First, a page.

Passing the Restore Our Parks and Public Lands Act will establish a long-term investment in our parks that will create jobs and boost economies throughout Washington and across the country.

Last month marked a huge victory for Washington state. Congress overwhelmingly passed a bipartisan public lands package that delivers on many of our longstanding priorities, including a permanent reauthorization of the Land and Water Conservation Fund, along with the creation Washington’s first two National Heritage Areas, the Mountains to Sound Greenway and the Washington Maritime National Heritage Areas.

Make no mistake, this is historic and deserves celebration!

While we’re thrilled by these recent gains, we know there is still more work to be done.

There’s little doubt that our national parks are some of America’s greatest natural and cultural treasures. We’re lucky that Washington state is home to both Olympic and Mount Rainier national parks — two gems of the National Park System. Unfortunately, these crown jewels are getting a bit rusty and require our attention to return them to their glory.

If you’ve visited one of our parks lately, you’ll no doubt have noticed they are facing a good problem. In 2017, Washington state had a record-setting 8.45 million park visitors, including families, campers and adventurers, who came to explore our iconic landscapes. While they were here, these visitors spent more than $500 million, supporting 6,656 jobs and creating $676.8 million in economic impact.

While this is undeniably great news for our growing outdoor economy, the rise in visitation has also strained park resources like roads, interpretive centers, campsites and trails that visitors rely on — to access and truly experience our parks.

If we don’t start investing in our parks, we risk loving them to death.

The National Park Service manages more than 400 sites across the country and is facing a nearly $12 billion backlog in necessary repairs. Here in Washington state, our national parks suffer from $398 million in deferred repairs needed to restore historical structures, fix eroding trails and roads, and update unsafe electrical and drinking water systems. This significant maintenance backlog threatens the health, accessibility, and safety of our parks, visitors and the communities that depend on them.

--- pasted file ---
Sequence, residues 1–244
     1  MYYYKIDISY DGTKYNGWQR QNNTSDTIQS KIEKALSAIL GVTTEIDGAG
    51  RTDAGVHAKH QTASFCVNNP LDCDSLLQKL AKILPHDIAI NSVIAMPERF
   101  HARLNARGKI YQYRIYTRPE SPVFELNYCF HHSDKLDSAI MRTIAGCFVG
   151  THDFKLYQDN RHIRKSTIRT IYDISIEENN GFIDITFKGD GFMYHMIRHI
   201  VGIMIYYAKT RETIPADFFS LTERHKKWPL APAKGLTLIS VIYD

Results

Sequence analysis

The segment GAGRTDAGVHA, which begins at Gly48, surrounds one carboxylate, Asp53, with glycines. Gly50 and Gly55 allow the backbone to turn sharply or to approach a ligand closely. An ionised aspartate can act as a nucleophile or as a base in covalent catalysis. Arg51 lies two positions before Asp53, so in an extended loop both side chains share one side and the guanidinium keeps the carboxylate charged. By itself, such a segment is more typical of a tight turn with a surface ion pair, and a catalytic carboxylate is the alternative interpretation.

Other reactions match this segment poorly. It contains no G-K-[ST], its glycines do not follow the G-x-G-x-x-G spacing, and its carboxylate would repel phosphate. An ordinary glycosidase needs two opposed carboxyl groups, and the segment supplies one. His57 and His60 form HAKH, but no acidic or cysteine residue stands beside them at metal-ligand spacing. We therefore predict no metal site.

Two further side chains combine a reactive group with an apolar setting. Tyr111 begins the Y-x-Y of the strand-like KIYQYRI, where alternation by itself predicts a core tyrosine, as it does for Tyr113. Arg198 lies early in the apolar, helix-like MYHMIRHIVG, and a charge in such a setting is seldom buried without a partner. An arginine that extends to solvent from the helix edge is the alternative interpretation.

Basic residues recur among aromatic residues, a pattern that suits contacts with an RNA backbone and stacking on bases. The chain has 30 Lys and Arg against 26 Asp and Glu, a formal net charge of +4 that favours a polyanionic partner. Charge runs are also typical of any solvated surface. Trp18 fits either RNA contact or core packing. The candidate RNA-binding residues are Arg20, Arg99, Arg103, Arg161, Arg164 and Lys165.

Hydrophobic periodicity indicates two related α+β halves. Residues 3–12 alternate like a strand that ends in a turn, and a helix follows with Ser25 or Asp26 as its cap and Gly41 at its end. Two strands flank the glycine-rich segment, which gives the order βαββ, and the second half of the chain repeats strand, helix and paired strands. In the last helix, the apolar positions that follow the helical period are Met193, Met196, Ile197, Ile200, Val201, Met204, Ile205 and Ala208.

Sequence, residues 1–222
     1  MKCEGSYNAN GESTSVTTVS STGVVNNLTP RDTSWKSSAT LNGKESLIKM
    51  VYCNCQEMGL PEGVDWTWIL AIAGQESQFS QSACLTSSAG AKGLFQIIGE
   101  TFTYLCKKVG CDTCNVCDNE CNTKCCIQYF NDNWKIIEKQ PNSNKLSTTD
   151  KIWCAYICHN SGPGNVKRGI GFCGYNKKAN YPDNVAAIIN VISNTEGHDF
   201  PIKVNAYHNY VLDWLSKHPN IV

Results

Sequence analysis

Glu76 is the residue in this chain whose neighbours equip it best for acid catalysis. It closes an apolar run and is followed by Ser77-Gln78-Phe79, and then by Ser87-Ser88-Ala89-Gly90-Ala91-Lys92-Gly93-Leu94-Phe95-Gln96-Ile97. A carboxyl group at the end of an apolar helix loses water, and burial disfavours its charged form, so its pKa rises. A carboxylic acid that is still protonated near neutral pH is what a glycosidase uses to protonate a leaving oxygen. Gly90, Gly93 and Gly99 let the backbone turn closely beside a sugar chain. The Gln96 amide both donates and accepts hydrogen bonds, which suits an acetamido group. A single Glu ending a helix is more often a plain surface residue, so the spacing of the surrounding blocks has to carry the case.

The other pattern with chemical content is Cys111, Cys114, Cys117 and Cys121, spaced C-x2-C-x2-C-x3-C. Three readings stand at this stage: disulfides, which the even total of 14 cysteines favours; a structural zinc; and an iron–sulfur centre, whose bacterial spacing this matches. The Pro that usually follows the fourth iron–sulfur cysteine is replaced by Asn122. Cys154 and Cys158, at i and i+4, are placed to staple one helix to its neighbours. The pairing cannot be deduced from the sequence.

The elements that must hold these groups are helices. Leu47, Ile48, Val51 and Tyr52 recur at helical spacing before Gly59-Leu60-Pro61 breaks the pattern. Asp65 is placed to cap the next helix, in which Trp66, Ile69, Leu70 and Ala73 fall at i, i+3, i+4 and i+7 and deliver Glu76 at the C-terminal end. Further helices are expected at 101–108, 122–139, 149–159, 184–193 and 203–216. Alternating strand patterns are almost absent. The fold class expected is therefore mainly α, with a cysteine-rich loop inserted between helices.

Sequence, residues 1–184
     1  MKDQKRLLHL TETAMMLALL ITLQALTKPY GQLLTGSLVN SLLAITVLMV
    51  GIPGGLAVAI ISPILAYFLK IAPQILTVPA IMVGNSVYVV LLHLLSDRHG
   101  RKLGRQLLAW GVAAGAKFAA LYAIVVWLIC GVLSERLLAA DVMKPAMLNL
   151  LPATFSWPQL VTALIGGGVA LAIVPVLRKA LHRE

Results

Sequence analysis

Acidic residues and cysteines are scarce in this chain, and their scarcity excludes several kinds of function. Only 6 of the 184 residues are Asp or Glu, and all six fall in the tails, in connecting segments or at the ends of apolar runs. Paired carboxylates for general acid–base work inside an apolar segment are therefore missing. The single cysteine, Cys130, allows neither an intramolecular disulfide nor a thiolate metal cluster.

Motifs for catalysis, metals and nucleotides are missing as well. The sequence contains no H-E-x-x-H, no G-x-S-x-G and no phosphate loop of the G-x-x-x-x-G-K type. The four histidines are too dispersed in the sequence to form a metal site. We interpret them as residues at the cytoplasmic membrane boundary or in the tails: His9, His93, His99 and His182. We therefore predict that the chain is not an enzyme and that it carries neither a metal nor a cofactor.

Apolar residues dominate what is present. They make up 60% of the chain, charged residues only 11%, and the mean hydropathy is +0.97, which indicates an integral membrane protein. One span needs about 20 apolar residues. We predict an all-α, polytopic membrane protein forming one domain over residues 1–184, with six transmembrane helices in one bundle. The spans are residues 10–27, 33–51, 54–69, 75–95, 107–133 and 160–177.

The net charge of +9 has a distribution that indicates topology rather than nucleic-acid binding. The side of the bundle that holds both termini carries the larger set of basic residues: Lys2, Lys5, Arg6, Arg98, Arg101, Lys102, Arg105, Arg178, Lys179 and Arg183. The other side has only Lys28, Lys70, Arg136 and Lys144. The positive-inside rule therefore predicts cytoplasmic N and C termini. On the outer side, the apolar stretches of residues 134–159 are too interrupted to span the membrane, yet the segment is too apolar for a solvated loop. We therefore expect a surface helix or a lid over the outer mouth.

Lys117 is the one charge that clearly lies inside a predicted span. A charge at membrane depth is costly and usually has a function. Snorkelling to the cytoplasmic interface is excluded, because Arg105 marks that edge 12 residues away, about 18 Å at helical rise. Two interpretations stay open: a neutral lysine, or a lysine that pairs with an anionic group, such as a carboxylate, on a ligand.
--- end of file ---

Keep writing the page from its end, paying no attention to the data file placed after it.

That’s why we must take this opportunity to build on the recent successes and turn our attention to passing the Restore Our Parks and Public Lands Act (H.R. 1225/S. 500), legislation which would direct approximately $6.5 billion of unobligated oil and gas royalties to fund priority repairs in parks and other public lands. The bill has already gained broad bipartisan support, with more than 100 members of Congress and 28 Senators signed on as co-sponsors.

Passing this legislation will establish a long-term investment in our parks that will create jobs and boost economies throughout Washington and across the country. An analysis commissioned by the Pew Charitable Trusts shows that investing in the maintenance of our national parks could create or support more than 3,800 new jobs here in Washington, and 100,000 jobs across the country.

As filmmaker Ken Burns rightly said, our national parks are “America’s best idea.” They play an important role in America and Washington state. The longer we wait to address this problem, the worse things will get.

Now is the time to for Congress to finish the work of restoring our parks and public lands to maintain these key drivers of our economy. It’s time to support the legacy of our national parks and restore these crown jewels.

Derek Kilmer represents Washington’s 6th Congressional District, and is the lead co-sponsor of the Restore Our Parks and Public Lands Act in the House of Representatives.

Dan Nordstrom is CEO Emeritus of Outdoor Research. He serves as board chair at Forterra and is a past president of the Access Fund as well as a director of the American Mountain Guides Association.